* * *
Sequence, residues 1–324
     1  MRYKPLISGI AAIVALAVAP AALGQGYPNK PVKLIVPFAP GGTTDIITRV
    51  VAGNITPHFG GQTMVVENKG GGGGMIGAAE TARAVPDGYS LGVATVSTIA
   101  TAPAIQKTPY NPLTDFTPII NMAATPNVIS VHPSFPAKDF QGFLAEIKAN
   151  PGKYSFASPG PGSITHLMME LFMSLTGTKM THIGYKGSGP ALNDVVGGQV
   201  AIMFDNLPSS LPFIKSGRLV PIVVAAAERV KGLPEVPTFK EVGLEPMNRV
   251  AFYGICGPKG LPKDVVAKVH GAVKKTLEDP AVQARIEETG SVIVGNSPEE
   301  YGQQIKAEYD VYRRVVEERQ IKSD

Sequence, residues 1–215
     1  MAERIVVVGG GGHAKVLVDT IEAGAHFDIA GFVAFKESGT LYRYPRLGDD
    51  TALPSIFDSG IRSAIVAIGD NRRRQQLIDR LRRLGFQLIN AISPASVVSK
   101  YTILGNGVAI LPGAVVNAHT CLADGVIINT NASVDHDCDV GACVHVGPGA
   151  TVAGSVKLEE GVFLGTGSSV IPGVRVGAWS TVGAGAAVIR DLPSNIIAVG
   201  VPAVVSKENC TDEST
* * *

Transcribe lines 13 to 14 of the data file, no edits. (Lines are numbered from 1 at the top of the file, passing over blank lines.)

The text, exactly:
   151  TVAGSVKLEE GVFLGTGSSV IPGVRVGAWS TVGAGAAVIR DLPSNIIAVG
   201  VPAVVSKENC TDEST